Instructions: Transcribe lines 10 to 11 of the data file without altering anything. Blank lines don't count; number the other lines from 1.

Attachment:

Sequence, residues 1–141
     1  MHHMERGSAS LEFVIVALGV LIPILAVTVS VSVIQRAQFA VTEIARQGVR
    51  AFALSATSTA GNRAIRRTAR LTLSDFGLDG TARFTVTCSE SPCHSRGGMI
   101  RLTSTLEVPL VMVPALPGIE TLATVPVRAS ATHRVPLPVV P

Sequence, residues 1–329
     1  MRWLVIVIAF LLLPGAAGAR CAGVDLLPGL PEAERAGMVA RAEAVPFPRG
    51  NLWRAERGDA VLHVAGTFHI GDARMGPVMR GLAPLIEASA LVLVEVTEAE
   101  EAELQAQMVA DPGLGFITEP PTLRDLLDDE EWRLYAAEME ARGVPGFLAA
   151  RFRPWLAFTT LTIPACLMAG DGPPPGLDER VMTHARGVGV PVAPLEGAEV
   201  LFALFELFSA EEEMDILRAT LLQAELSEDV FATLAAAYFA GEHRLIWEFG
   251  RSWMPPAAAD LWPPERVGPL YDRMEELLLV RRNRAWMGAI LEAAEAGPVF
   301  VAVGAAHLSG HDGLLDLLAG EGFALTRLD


   201  LFALFELFSA EEEMDILRAT LLQAELSEDV FATLAAAYFA GEHRLIWEFG
   251  RSWMPPAAAD LWPPERVGPL YDRMEELLLV RRNRAWMGAI LEAAEAGPVF